Having trouble getting motivated. Suggestions?

I’m planning to contact a counselor about this (free, thanks to EAP), but I thought I would address this question to the Teeming Millions in the meantime. Apologies in advance for the long post.

My job performance is greatly influenced by my motivation (I suppose that’s a given). However, I find that my motivation is greatly influenced by the work I’m performing – much more so with me than with other co-workers and peers, IMO. For example, I’m at my best when I’m performing a task that I’m very interested in and on a tight schedule. If I’m working on a project that’s not too thrilling and/or outside of my area of expertise, I tend to perform poorly due to lack of motivation. This trait has manifested itself in the past – during a rotation program I was on at my previous job (where I trained in other functions), and as a “development need” on an otherwise good performance review. The reason I bring this up now is that I’m on a couple of projects outside of my area of expertise (and outside my area of desired growth) and my motivation problem is in danger of attracting attention. I’ve determined that my current company’s long-term needs do not match my goals, so I’m in the process of finding another job. However, in the interim, I don’t want to leave a bad impression on my current employer (or worse). Plus, I know that there will be many more occasions before I retire where I’ll be required to perform well on projects that don’t exactly thrill me. Any suggestions from the Teeming Millions things I can do to help me get motivated? My first step – I already deleted Internet Explorer from my hard drive at work to eliminate the temptation to surf. :o Anything else? I envy people who can take on any project – no matter how mundane or dull the project may be – and work through it in flying colors.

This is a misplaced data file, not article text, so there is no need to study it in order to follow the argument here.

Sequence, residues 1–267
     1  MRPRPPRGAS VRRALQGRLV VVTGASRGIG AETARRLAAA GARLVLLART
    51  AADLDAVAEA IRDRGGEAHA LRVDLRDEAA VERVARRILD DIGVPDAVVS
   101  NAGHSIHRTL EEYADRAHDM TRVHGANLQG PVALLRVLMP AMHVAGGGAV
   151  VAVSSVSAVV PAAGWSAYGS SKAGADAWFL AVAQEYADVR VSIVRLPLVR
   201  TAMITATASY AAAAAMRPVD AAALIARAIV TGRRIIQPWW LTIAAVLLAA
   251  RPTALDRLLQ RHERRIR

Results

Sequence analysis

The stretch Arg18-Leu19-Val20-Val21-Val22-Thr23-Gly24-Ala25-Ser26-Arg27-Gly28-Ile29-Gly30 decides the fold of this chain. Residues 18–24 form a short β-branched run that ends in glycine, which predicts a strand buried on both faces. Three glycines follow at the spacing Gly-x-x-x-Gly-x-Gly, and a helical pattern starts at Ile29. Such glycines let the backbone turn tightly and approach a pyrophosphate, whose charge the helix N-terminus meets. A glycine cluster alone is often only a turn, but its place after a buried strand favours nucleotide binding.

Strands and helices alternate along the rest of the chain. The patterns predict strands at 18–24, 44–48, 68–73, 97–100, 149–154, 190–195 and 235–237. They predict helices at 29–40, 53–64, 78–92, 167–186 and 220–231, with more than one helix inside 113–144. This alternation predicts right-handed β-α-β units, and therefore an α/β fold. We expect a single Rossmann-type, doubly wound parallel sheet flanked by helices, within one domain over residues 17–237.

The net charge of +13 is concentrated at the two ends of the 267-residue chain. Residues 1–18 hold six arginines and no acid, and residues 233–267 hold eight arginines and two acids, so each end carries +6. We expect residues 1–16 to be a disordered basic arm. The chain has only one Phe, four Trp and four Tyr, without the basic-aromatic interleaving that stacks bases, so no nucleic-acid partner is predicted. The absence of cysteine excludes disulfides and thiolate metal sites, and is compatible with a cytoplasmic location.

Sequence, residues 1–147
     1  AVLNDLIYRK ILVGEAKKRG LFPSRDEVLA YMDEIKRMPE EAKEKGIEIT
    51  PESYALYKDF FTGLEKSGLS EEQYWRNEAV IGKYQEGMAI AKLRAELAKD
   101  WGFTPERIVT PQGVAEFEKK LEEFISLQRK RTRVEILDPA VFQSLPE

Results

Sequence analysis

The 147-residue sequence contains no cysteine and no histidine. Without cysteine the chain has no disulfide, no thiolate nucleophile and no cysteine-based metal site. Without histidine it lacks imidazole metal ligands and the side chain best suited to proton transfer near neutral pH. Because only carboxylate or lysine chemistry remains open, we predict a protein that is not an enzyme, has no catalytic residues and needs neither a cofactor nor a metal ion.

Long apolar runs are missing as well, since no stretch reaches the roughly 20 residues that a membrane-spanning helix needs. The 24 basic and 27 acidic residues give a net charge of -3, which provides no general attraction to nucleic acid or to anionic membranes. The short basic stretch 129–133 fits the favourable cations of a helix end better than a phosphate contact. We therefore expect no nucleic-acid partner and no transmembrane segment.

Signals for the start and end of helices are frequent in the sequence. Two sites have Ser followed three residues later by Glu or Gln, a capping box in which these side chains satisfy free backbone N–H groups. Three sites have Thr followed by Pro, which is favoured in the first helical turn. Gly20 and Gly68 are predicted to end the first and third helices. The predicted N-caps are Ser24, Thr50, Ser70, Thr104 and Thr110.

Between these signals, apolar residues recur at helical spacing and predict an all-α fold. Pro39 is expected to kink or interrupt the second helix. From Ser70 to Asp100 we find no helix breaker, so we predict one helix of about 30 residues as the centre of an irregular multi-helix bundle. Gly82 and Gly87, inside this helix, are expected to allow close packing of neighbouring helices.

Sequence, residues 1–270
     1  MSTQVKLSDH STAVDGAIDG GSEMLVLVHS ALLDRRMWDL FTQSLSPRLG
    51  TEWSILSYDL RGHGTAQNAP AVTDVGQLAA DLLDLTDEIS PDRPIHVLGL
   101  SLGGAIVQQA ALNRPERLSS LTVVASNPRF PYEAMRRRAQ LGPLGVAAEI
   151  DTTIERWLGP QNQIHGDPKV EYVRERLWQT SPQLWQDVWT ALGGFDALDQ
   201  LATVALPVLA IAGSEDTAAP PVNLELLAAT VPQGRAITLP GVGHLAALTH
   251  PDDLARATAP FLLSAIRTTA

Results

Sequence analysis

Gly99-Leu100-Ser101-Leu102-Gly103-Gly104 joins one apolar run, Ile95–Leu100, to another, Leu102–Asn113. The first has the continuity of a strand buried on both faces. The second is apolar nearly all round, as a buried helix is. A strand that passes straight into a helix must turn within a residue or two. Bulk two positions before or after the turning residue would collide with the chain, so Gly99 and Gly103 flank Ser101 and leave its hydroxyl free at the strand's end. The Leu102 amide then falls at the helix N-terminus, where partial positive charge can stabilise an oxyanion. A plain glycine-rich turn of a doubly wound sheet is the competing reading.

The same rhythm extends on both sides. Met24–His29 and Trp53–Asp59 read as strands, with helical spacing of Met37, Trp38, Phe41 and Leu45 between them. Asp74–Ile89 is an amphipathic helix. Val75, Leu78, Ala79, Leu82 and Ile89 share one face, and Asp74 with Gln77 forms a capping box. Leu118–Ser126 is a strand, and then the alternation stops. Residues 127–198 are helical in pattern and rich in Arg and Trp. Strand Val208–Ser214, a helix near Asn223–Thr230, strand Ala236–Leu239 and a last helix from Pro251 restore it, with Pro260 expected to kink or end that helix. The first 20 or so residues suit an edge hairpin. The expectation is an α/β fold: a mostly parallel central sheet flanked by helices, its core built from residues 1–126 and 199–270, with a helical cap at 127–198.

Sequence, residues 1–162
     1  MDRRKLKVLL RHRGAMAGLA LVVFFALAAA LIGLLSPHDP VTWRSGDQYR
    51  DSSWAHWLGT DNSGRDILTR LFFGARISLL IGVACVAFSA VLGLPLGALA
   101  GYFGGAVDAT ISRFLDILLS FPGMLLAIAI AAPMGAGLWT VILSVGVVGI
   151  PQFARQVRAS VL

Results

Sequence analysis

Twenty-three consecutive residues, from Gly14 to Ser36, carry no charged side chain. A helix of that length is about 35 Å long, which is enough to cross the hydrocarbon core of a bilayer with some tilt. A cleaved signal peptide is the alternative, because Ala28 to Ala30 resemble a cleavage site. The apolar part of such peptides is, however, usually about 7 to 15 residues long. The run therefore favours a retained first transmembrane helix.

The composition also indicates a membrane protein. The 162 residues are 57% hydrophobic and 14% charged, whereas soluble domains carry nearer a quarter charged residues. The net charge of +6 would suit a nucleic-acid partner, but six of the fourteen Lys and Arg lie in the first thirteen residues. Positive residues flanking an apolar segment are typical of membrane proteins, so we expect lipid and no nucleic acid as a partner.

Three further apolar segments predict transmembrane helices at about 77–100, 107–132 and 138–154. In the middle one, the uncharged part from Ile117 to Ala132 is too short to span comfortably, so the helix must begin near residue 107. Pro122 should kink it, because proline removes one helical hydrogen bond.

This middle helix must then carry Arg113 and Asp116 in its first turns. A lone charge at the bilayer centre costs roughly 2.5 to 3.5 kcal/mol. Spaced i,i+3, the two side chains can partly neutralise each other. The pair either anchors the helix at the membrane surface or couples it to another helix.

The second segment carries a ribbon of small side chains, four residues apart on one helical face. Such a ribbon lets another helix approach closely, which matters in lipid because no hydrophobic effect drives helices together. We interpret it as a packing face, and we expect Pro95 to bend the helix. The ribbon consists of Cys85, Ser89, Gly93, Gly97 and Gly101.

I was going to reply earlier, but I didn’t really feel like it.


We are the children of the Eighties. We are not the first “lost generation” nor today’s lost generation; in fact, we think we know just where we stand - or are discovering it as we speak.

Zen. Revel in the mundanity. No, but really, you have to let each emotion - even the less positive (boredom, sorrow, anger) penetrate. It’s really rather interesting in itself when you try it. Does this make any sense?

I have the same problem. I might describe mine a little differently though - on projects that are short-term high-visibility I have no trouble whatsoever turning it around, regardless of my interest (often it is low, sometimes high. Much like life).

Its these larger projects, with farther dates, that inspire me to read straight dope and play with my palm pilot rather than work. One thing I have found that helps is to make myself only work in fifteen minute bursts on these types of things, and to switch between them frequently (hopefully I have more than one project going at a time!). Occaisionally I will manage to sucker myself into becoming involved, and will spend a few good hours hacking away at one of them. If I can’t get into it though, I don’t worry about it.

I have difficulty imagining having the same problem with stuff that has to be done right away. My only trouble there is ensuring that my level of attention to detail is high enough, regardless of however mundane the task might be. This is more difficult to cope with, and I’d appreciate suggestions and insights. I’ll try the zen thing too :slight_smile:

I find it helps me to think of things I’d enjoy doing even less and convince myself that the unpleasant task is my way of avoiding the worse task. I’m that perverse.